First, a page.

• Grandchester (Formerly called Bigges Camp) is an historic railway and timber town. Grandchester is in fact home to the first narrow gauge mainline railway in the world. The first track opened to traffic on 31st July 1865 from Ipswich and terminated at this small town. The charming original railway station, still exists. Built in 1866, it is the oldest railway station in Queensland. Location: Grandchester is 76 km from Brisbane, 34 km from Ipswich. The Victoria Tunnel is the oldest and longest railway tunnel in the state, built when the state was a separate colony. The tunnel is one of two built through the Little Liverpool Range on a section of narrow gauge railway from Grandchester to Gatton. The railway opened in June 1866. The tunnel has restricted clearances, which limits the size of rolling stock on the Queensland Railways network. One of two tunnels on Little Liverpool Range line, it was the longest single bore tunnel in Australia (537 m) until Sandy Hollow – Ulan in NSW opened in 1917. The tunnel was named in honour of Queen Victoria.
  • The Grandchester area was first explored by Allan Cunningham who came through the area in May 1829. Cunningham’s party camped beside what is now known as the Railway Lagoon while searching for the Brisbane River. Originally known as Bigges Camp, after the pioneering pastoralist Frederick Bigges, it was little more than a watering hole for transients until the arrival of the railway from Ipswich in 1865. This short section of railway line was the first railway built in Queensland and Governor Bowen, who thought the name Bigges Camp sounded like Big Scamp, suggested the railway terminus deserved something better. He changed “Big” to Grand, and used the Latin word for camp – “Chester” – for the second half of the name, and thus changed the siding’s name without really changing anything. That Grandchester is the name of a village outside of Cambridge in England is coincidental.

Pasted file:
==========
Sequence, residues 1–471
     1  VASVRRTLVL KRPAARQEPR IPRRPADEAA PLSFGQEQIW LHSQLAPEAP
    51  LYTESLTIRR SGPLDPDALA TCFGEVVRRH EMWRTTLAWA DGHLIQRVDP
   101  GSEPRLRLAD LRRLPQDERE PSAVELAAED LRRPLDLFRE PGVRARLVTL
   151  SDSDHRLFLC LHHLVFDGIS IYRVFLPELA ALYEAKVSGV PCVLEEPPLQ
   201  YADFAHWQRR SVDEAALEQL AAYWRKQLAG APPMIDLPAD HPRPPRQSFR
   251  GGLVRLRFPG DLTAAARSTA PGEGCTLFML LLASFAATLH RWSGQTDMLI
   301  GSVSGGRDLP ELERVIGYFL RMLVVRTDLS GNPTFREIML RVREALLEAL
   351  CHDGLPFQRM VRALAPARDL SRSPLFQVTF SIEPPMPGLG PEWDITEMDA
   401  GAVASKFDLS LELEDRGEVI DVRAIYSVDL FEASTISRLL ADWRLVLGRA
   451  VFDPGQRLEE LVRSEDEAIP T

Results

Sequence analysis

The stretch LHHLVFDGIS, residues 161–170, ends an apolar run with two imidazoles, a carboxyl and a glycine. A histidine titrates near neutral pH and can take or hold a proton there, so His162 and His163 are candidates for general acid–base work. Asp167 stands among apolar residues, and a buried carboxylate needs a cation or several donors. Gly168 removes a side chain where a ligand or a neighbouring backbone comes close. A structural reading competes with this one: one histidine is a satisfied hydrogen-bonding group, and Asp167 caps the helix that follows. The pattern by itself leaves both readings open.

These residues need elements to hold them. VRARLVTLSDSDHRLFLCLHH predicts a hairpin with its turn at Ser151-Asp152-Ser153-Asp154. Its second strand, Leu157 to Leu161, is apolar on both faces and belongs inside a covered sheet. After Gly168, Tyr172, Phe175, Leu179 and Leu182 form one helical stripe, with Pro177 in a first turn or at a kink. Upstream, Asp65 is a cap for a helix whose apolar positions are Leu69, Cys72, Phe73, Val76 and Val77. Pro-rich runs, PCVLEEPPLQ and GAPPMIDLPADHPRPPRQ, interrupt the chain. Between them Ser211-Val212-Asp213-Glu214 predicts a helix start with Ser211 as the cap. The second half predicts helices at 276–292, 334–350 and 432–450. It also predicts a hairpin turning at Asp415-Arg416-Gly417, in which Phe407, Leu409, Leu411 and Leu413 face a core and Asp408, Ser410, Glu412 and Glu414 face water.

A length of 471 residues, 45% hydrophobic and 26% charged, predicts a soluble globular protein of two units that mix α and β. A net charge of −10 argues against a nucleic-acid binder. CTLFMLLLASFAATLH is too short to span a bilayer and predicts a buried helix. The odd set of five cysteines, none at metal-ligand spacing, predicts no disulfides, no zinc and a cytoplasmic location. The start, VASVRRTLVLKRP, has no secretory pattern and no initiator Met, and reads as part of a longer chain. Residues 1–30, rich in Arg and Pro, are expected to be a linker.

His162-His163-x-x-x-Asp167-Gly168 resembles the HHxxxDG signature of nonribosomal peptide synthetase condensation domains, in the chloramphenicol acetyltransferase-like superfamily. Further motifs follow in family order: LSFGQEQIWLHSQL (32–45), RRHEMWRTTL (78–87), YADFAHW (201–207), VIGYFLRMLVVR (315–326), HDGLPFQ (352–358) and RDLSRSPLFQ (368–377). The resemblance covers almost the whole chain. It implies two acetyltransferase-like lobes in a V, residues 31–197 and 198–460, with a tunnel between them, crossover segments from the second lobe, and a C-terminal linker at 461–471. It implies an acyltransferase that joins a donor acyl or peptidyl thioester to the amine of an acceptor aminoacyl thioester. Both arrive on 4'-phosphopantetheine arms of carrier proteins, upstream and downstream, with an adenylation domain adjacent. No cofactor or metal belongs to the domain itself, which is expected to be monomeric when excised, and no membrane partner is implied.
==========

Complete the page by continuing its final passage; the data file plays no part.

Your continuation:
• This 537 m long[2] tunnel (together with ‘Six Chain’) was built through the Little Liverpool Range on a section of narrow gauge railway from Grandchester to Gatton. The railway opened in June 1866, being delayed when the excavation of the tunnel revealed unexpected geological difficulties, requiring the tunnel to be lined with 3 layers of bricks. That resulted in the tunnel having restricted clearances, which limits the loading gauge (size of rolling stock) on this section of the Queensland Railways network, and the floor of the tunnel was lowered by 150mm in 1985 to improve that situation. The Victoria Tunnel was named after the English Queen of the day. Both are situated on the Main Line from Brisbane to Toowoomba, being part of the first narrow gauge main line in the world.



Leave a Reply

Fill in your details below or click an icon to log in: Logo

You are commenting using your account. Log Out /  Change )

Google+ photo

You are commenting using your Google+ account. Log Out /  Change )

Twitter picture

You are commenting using your Twitter account. Log Out /  Change )

Facebook photo

You are commenting using your Facebook account. Log Out /  Change )

Connecting to %s

%d bloggers like this: